`// return error if inputs are not numbers.`

Your interviewer might also tell you to assume that your inputs will always be numbers, in which case you don’t need to write any extra code to handle this particular input edge case.

If you don’t have an interviewer and you’re just solving this problem, the problem might say what happens when you enter invalid inputs.

For example, some problems will say, “If there are zero inputs, return undefined.” For cases like this, you can optionally write a comment.

`// check if there are no inputs.`

`// If no inputs, return undefined.`

For our purposes, we’ll assume that our inputs will always be numbers. But generally, it’s good to think about edge cases.

Computer science professor Evans says to write what developers call *defensive* code. Think about what could go wrong and how your code could defend against possible errors.

Before we move on to step 2, let’s summarize step 1, understand the problem:

`-Read through the problem.`

`-What are the inputs?`

`-What are the outputs?`

`Create simple examples, then create more complex ones.`

## 2. Devise a plan for solving the problem.

Next, devise a plan for how you’ll solve the problem. As you devise a plan, write it out in pseudocode.

Pseudocode is a plain language description of the steps in an algorithm. In other words, your pseudocode is your step-by-step plan for how to solve the problem.

Write out the steps you need to take to solve the problem. For a more complicated problem, you’d have more steps. For this problem, you could write:

`// Create a sum variable.`

`Add the first input to the second input using the addition operator`

.

`// Store value of both inputs into sum variable.`

`// Return as output the sum variable.`

Now you have your step-by-step plan to solve the problem.

For more complex problems, professor Evans notes, “Consider systematically how a human solves the problem.” That is, forget about how your code might solve the problem for a moment, and think about how *you* would solve it as a human. This can help you see the steps more clearly.

## 3. Carry out the plan (Solve the problem!)

The next step in the problem-solving strategy is to solve the problem. Using your pseudocode as your guide, write out your actual code.

Professor Evans suggests focusing on a simple, mechanical solution. The easier and simpler your solution is, the more likely you can program it correctly.

Taking our pseudocode, we could now write this:

```
function add(a, b) {
const sum = a + b;
return sum;
}
```

Professor Evans adds, remember not to *prematurely optimize. *That is, you might be tempted to start saying, “Wait, I’m doing this and it’s going to be inefficient code!”

First, just get out your simple, mechanical solution.

What if you can’t solve the entire problem? What if there's a part of it you still don't know how to solve?

Colt Steele gives great advice here: If you can’t solve part of the problem, ignore that hard part that’s tripping you up. Instead, focus on everything else that you can start writing.

Temporarily ignore that difficult part of the problem you don’t quite understand and write out the other parts. Once this is done, come back to the harder part.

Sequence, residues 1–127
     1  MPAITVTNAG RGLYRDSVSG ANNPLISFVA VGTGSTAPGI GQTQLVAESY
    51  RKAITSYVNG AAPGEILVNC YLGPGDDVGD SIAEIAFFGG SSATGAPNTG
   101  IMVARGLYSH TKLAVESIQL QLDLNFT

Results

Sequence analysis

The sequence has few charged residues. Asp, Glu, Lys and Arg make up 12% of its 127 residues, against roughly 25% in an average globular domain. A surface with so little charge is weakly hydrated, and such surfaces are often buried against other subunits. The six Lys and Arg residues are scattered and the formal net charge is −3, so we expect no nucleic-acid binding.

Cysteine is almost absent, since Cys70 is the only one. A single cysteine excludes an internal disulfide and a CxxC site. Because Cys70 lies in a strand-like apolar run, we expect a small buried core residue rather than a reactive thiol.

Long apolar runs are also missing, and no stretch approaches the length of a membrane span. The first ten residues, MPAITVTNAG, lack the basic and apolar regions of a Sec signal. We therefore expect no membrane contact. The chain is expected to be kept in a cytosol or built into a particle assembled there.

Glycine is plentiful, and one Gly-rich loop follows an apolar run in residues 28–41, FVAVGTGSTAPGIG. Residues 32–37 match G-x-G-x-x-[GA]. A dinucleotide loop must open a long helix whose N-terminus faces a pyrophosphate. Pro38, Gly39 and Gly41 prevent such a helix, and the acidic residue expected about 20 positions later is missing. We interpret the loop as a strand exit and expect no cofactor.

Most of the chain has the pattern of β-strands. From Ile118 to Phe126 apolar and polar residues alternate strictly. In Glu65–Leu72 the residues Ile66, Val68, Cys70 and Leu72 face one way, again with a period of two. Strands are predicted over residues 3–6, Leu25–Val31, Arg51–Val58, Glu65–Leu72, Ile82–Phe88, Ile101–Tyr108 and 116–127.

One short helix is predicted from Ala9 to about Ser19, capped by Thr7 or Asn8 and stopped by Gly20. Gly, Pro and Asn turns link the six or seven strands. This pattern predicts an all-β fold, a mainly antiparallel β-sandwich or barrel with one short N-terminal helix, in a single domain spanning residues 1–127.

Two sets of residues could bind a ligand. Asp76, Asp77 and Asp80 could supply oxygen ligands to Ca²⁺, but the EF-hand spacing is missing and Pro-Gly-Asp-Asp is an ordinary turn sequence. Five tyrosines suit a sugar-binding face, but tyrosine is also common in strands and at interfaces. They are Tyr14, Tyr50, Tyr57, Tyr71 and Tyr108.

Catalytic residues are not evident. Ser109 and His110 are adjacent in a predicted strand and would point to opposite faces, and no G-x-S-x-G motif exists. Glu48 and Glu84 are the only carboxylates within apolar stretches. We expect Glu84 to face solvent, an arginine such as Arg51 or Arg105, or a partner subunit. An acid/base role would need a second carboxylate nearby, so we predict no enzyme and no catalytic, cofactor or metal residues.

This allows you to get at least *some *of the problem finished. And often, you’ll realize how to tackle that harder part of the problem once you come back to it.

## Step 4: Look back over what you've done.

Once your solution is working, take the time to reflect on it and figure out how to make improvements. This might be the time you refactor your solution into a more efficient one.

As you look at your work, here are some questions Colt Steele suggests you ask yourself to figure out how you can improve your solution:

- Can you derive the result differently? What other approaches are there that are viable?
- Can you understand it at a glance? Does it make sense?
- Can you use the result or method for some other problem?
- Can you improve the performance of your solution?
- Can you think of other ways to refactor?
- How have other people solved this problem?

One way we might refactor our problem to make our code more concise: removing our variable and using an implicit return:

```
function add(a, b) {
return a + b;
}
```

With step 4, your problem might never feel finished. Even great developers still write code that they later look at and want to change. These are guiding questions that can help you.

If you still have time in an interview, you can go through this step and make your solution better. If you are coding on your own, take the time to go over these steps.

When I’m practicing coding on my own, I almost always look at the solutions out there that are more elegant or effective than what I’ve come up with.

## Wrapping Up

In this post, we’ve gone over the four-step problem-solving strategy for solving coding problems.

Let's review them here:

- Step 1:
**understand the problem.** - Step 2:
**create a step-by-step plan for how you’ll solve it**. - Step 3:
**carry out the plan**and write the actual code. - Step 4:
**look back**and possibly refactor your solution if it could be better.

Practicing this problem-solving method has immensely helped me in my technical interviews and in my job as a developer.

If you don't feel confident when it comes to solving coding problems, just remember that problem-solving is a skill that anyone can get better at with time and practice.

Good luck!